- 5 Jan 2023
- 1 min read
Is a Minister’s Right to Free Speech Same as Yours?
Courts have since 1950s incrementally expanded the scope of this constitutional right and more clearly defined the restrictions. The test is whether ordinary citizens will get the same protection as ministers and artists
This opinion was published in Times of India on January 05, 2023.
About the Authors
Aditya is currently a Research Fellow in the Research Director's Office at the Vidhi Centre for Legal Policy. He graduated from the NLSIU Bangalore in 2021 with a BA LLB (Hons). His areas of interest include constitutional law, civil procedure, and dispute resolution. He has academic publications on constitutional law, legislative drafting, and arbitration law in journals such as Statute Law Review and Arbitration International. At Vidhi, he has been providing legislative drafting assistance to various Ministries, Departments, and Authorities of the Central Government and various State Governments.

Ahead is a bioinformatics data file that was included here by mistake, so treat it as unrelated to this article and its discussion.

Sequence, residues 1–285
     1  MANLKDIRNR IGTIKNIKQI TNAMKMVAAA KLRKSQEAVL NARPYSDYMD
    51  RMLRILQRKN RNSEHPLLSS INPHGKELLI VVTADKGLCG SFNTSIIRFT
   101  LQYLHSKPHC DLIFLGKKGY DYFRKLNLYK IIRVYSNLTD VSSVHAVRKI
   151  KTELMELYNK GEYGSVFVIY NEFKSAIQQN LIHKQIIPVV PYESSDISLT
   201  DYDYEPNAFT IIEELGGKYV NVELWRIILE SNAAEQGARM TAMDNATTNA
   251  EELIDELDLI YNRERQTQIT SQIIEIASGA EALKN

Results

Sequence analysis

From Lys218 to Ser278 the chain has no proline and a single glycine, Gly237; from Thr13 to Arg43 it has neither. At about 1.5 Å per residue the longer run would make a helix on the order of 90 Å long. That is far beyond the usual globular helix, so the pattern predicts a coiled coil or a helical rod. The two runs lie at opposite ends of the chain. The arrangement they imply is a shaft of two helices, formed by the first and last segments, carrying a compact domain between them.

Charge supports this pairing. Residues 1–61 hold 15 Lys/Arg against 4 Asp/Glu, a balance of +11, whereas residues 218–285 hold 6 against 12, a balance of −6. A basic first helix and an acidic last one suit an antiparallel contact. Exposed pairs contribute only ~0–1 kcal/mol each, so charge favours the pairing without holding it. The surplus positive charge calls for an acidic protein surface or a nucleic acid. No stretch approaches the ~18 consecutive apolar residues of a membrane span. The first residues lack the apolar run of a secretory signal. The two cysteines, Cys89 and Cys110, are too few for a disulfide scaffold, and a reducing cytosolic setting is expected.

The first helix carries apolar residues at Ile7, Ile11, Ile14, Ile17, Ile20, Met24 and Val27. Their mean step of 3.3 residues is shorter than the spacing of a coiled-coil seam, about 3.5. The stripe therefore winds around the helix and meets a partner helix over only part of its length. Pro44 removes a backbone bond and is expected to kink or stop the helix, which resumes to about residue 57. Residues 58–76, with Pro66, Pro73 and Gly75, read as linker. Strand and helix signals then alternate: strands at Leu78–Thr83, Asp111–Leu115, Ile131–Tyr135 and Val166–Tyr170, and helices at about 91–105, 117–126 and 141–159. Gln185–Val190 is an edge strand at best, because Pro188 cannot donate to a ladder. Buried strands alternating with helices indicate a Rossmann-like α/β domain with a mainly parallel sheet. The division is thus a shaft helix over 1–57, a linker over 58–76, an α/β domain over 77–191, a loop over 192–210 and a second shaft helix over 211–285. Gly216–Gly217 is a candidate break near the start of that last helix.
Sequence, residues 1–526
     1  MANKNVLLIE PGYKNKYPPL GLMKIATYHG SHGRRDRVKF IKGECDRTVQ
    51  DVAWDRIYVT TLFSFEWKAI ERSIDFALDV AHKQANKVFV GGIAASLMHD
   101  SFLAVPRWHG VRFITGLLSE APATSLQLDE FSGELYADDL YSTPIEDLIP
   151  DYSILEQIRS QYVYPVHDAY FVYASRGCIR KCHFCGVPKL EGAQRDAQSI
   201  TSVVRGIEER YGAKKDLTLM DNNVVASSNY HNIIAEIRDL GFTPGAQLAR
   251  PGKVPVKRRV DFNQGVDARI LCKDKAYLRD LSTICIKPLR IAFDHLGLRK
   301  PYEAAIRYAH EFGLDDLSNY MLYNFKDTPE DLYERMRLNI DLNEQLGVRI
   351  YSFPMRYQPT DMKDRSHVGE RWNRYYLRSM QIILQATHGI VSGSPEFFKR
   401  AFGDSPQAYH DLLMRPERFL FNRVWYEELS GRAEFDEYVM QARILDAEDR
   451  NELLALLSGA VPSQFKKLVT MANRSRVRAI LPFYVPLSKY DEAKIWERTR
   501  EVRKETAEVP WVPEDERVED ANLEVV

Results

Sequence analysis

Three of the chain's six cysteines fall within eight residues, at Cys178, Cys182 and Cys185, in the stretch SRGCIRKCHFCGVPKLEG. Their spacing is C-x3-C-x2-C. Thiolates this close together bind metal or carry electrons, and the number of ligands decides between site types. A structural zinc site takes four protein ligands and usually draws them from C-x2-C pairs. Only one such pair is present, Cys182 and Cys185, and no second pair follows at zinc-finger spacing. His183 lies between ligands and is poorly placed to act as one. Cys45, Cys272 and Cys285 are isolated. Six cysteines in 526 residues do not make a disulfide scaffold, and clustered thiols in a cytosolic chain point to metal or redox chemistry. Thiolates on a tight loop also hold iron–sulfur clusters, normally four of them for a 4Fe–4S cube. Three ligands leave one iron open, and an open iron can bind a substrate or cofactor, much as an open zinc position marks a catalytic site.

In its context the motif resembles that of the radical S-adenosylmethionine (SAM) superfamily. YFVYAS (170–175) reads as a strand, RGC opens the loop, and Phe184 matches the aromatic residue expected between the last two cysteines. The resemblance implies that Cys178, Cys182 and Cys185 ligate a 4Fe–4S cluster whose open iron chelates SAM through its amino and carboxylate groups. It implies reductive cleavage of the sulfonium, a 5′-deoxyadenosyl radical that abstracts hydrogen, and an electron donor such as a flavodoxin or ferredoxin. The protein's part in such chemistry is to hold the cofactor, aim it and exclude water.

Ritwika is a Senior Resident Fellow and Lead at Charkha, Vidhi’s Constitutional Law Centre. Her current research is focused on comparative federalism, local governments, and electoral reforms. From 2014-17, Ritwika was a Research Fellow in the Public Law vertical at Vidhi. She advised several departments and regulatory authorities under the Government of India, on questions concerning constitutional validity of proposed legislation, legislative competence of the Union and states, and contours of the powers and functions of regulators. Ritwika also assisted the Union of India in preparing its written submissions in the National Judicial Appointments Commission (NJAC) Case. Between 2019-2020, Ritwika worked as a Research Associate at DAKSH, Bengaluru. She obtained her LL.M. from the University of Cambridge in 2018. She graduated with a B.A. LL.B. (Hons.)) from the Indraprastha University, Delhi in 2013, and the LL.M. from the NALSAR University of Law, Hyderabad in 2014. Ritwika is the co-editor of “Appointment of Judges to the Supreme Court of India: Transparency, Accountability and Independence” (Oxford University Press, 2018), a volume of essays addressing the politics, doctrine, and crucial developments pertaining to judicial appointments in India.
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